[Question #3763] HIV risk factors and PEP
33 months ago
Follow-up questions to my last post. I've become a little addicted to this forum, and I'm *hoping* some more answers will help me not look at it for a while. (I know this is like saying "one last cigarette", but still.)
1. In my first post I said I had had unprotected insertive vaginal sex with a sex worker in NYC and then when on PEP. Dr. Handsfield said that "at least some sex workers there have a very high risk for HIV". This woman was white, 600/hr. and from a website where that price was probably on the low end of average. She said she doesn't do condom-less with everyone but what do I know?At least she had a condom on her and when I pulled out after a few min because I was worried, she said we should use it. Does her price etc. change your feeling on the risk at all? I gather socioeconomic factors correlate with risk factors in this arena.
2. All the stats say my risk if she *was* HIV-positive is about 1 in 1,000 (since I'm HSV-2 positive). Which sounds reassuring. But I actually did get HSV-2 from just one encounter 8 years ago (the woman I got it from had literally just gotten it herself but was pre-symptomatic so I think she was highly contagious, but still. we were friends, so that's how i know all that). I've seen similarly reassuring stats on HSV-2 "odds" (1 in 1,000 or 500 or whatever), so I'm just trying to square it all. I got very unlucky once and it makes me scared it could happen again.
3. I mentioned in my first thread that I had fingered the woman in my recent encounter and there was blood. I know fingering is virtually no risk, but what if the sex was after, and blood was still present when my penis was inside her? Does that add to the risk?
Now on to PEP. Which I started about 12-14 hours after the encounter.
4. For the first 3 doses, it was Travuda and Tivicay (that was during the weekend, when the script was filled before a consult). Then I was switched to Stribild. Is this a good regimen in your opinion?
5. I totally understand why "hard" numbers aren't available on the effectiveness of non-occupational-exposure PEP, but I was hoping you had thoughts on how effective PEP is. As in, a ballpark number. I've been taking the doses *religiously*.
6. I am supposed to have a rapid test after I finish PEP (4 weeks post-encounter) and then again in 2 months. How accurate would the first test be? I've read that a negative result won't mean much because of the PEP so am I basically testing just in case it's positive? Can I feel any relief (knock on wood) if it's negative?
7. This is not a gotcha question, but in my first thread, Doctor Handsfield said that the clinic probably gave me a blood test before PEP to make sure I didn't have any condition that would affect PEP. But later, when I asked if HSV-2 could affect PEP, he said there are no conditions known to affect the effectiveness of PEP. Can you help me square that? (I didn't notice the contradiction at first.)
That's all I can think of right now.
Again thanks for being there. I think I'd be even more scared without this forum because I'd feel so in the dark. Just writing this all down feels therapeutic.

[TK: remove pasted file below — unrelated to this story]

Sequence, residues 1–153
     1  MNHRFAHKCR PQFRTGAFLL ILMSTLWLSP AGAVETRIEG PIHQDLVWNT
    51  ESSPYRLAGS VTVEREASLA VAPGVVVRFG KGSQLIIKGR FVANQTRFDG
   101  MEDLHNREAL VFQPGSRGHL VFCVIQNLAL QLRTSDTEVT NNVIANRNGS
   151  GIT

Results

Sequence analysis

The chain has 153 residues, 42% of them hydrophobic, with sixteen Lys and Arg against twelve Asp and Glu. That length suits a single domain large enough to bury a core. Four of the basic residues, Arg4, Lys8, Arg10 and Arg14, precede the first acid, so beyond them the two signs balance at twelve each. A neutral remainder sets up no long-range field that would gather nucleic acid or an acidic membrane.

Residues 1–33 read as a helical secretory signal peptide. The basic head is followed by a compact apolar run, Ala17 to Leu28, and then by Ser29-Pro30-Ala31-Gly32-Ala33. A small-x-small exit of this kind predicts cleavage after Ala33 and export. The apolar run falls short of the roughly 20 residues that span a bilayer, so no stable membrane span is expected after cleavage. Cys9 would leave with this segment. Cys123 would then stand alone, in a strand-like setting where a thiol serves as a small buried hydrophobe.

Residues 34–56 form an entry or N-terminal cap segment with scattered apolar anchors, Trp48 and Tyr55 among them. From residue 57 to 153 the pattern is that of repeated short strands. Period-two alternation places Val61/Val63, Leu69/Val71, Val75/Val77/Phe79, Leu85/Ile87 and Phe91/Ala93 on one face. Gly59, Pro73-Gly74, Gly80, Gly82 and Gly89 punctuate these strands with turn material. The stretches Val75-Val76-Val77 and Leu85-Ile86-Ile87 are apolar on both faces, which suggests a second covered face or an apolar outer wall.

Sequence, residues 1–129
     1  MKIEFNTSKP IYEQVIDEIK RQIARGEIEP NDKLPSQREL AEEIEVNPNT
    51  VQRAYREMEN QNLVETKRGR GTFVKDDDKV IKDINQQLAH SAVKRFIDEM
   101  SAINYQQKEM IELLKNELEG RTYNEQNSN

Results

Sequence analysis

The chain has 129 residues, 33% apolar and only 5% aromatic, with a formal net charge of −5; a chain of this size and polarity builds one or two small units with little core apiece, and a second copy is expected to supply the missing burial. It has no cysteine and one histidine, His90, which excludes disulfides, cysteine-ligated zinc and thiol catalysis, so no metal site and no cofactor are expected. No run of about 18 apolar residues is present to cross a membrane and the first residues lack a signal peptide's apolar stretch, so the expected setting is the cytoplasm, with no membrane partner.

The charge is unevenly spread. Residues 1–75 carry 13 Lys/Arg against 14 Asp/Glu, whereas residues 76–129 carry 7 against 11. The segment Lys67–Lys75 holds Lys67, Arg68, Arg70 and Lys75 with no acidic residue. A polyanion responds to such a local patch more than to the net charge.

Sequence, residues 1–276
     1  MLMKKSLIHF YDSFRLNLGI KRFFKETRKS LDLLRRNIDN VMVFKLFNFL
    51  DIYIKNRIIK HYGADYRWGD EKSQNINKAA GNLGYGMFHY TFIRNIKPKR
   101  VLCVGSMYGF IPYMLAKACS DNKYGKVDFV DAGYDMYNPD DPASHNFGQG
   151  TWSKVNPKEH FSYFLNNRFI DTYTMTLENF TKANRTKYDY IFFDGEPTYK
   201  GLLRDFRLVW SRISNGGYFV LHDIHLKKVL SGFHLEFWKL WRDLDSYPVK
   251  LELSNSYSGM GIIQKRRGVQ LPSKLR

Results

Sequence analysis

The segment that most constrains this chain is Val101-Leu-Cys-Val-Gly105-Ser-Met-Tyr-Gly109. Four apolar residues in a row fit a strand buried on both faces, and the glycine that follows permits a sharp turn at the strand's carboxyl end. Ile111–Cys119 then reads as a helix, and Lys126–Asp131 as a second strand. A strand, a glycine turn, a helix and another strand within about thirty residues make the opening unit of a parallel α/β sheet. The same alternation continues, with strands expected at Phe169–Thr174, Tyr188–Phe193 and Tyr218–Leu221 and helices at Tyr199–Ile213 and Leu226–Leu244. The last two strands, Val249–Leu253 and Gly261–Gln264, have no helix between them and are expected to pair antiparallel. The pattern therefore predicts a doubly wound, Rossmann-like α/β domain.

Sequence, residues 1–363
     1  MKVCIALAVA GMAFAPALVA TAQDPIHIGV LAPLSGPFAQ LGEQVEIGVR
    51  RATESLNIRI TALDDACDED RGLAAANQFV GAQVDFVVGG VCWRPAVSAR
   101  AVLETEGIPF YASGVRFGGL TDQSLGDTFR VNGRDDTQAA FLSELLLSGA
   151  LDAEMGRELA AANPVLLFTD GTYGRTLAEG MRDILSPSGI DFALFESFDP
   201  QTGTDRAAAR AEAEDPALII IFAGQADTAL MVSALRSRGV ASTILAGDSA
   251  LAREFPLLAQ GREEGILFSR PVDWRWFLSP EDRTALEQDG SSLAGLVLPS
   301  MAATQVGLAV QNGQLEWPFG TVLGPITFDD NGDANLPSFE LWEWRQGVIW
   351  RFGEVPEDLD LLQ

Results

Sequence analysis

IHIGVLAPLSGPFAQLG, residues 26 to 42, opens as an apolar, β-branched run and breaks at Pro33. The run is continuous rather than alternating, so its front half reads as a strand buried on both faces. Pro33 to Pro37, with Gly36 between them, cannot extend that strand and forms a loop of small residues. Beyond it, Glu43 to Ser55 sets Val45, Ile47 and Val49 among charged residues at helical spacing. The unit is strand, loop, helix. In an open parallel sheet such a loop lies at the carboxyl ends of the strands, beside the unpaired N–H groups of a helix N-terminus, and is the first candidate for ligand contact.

33 months ago
slight typo in my post. "Then when on PEP" should be "then *went* on PEP." I did not repeat the act on PEP. PEP is no aphrodisiac.
H. Hunter Handsfield, MD
33 months ago
Welcome back, but sorry you found it necessary. We strong discourage repeat questions. My replies will be brief, and this will have to be your last question concerning this exposure, testing, PEP, etc.
1) Escorts (expensive female sex workers by appointment) are generally believed to have low rates of HIV and other STDs. PEP may not have been necessary in this situation.
2) I don't understand what you don't understand the in the data you quote. All such numerical estimates are very wide. But no matter how you slice it, with or without your HSV2 infection, the odds are exceedingly high that you did not catch HIV; and in the very small chance you did, the PEP will eradicate it.
3) If her blood were in the vagina, maybe a slightly higher HIV risk. Certainly your blood being there couldn't make any difference.
4,5) Both these PEP regimens are equally effective. Best estimate is >95% effective when started within 24 hr of exposure, maybe close to 100%.
6) There are no published data on how quickly antigen, antibody, or RNA develop after PEP, if PEP fails, but i some cases (e.g. if a drug resistant HIV strain) infection could progress while on PEP. I agree your doctor probably recommends that test as a negative baseline going forward, but negative result should be at least a little reassuring.
7) I said no such thing, no mention of detecting any condition that would raise your risk of HIV. Re-read that comment. Although I didn't think to say it last time, I imagine your doc did general testing (CBC, blood chemistries) as a check against health conditions that might increase risk of adverse effects from the PEP drugs. But even that is just a guess.
Do your best to stop all this overthinking. In the 14 years I have been doing this and my prior forum, with thousands of questions on HIV exposure, risks, testing, etc, not a single person turned out to have acqually acquired HIV. You won't be the first. If an when that happens, it will be someone with genuine high risk, not a trivial risk like yours, with PEP also in the picture. You really are overreacting: when all is said and done, this should all be a non-event in your life. Try to start now to view it that way.
33 months ago
got it. thank you!